14 Feb Who decides what employees need to learn?
Most learning needs analysis (LNA) is top down and most of my clients come to me with the LNA already done. They have decided that a certain group of employees need to learn a certain thing. It could be about a new procedure, a new product line, a new approach or some new compliance issue that they need to address. Invariably in most of these cases what they really want is for employees to know stuff, not actually learn how to do something. What’s the difference you ask? If people know stuff then they will act differently surely? Sadly learning isn’t so simple as trying to cram stuff into people’s heads. At least not in the workplace.
Strangely the one thing they often haven’t done, or have done only superficially, is to actually ask employees what they think they need to learn. Asking this, in the right context, is likely to give a much better understanding of the performance issue rather than the knowledge gap issue. The performance issue may be related to a lack of knowledge (e.g. around a specific product or procedure) but it might also result from an indirect cause (e.g. our IT system undermines our ability to follow the procedure appropriately). Cathy Moore’s Action Mapping has long been a useful tool to help uncover what people need to learn rather than what they need to know, and one core element of action mapping is the challenge to the LNA – is this learning intervention really needed at all? Is the issue actually in the environment (systems, process, culture etc.)?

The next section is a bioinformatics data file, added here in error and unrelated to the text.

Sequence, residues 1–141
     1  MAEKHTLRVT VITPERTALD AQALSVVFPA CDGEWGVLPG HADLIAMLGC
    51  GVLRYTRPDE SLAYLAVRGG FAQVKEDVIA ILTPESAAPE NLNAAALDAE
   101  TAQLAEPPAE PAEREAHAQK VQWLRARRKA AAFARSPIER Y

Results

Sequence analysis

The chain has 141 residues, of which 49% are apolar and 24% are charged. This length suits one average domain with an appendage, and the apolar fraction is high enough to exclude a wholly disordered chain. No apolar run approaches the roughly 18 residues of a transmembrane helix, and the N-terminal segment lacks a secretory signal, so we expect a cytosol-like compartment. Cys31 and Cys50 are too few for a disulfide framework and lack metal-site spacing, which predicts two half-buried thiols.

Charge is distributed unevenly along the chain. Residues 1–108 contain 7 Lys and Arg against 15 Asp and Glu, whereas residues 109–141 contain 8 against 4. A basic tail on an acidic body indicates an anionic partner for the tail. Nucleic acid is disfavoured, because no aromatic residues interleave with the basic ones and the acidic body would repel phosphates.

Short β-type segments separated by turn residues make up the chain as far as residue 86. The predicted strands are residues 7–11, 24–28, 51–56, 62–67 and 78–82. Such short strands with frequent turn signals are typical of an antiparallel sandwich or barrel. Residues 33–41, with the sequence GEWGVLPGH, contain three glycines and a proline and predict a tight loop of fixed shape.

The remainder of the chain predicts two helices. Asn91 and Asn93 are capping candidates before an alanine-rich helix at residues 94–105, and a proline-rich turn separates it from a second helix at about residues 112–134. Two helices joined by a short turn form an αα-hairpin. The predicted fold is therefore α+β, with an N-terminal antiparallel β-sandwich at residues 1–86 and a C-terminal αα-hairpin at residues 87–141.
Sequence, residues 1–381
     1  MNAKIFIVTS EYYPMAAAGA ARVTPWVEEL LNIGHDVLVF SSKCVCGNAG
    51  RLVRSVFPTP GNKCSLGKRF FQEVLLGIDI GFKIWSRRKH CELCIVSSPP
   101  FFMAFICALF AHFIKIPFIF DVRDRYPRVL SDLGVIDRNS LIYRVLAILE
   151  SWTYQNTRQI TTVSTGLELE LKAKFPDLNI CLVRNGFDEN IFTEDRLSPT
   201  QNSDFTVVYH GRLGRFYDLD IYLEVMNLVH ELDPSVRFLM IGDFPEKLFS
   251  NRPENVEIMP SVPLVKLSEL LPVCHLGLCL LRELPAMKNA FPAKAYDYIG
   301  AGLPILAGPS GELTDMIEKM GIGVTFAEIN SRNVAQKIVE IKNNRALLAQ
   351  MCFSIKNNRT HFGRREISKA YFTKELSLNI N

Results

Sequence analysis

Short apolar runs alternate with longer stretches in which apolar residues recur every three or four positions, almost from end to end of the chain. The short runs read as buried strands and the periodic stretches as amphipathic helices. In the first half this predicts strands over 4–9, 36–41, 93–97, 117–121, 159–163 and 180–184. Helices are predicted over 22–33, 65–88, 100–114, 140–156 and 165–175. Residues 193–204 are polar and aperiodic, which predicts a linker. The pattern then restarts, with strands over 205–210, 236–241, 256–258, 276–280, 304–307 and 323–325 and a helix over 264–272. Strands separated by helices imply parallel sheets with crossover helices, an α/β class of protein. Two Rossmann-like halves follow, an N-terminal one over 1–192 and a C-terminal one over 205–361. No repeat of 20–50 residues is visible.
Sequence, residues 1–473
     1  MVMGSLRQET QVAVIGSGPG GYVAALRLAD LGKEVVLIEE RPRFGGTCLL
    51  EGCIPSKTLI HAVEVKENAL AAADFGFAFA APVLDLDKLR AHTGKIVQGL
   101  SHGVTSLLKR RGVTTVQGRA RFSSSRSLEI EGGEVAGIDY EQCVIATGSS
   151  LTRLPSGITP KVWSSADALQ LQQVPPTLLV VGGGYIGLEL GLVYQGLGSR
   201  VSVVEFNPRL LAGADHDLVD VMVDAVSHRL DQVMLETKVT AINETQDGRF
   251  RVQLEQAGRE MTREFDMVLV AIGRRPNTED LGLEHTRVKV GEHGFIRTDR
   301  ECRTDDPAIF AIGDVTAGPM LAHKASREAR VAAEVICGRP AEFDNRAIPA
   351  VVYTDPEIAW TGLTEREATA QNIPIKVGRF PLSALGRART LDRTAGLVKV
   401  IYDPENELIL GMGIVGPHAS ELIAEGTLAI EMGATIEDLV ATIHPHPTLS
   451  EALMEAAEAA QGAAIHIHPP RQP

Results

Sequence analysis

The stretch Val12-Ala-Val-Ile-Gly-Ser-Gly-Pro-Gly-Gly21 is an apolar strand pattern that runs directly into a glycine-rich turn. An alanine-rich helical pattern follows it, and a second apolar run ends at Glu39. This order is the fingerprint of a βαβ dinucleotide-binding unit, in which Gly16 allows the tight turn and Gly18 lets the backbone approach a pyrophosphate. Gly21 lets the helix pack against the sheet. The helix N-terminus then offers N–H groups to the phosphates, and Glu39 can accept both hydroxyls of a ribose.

On client projects the actual learners are often the only people I don’t get to speak with. That’s a real shame.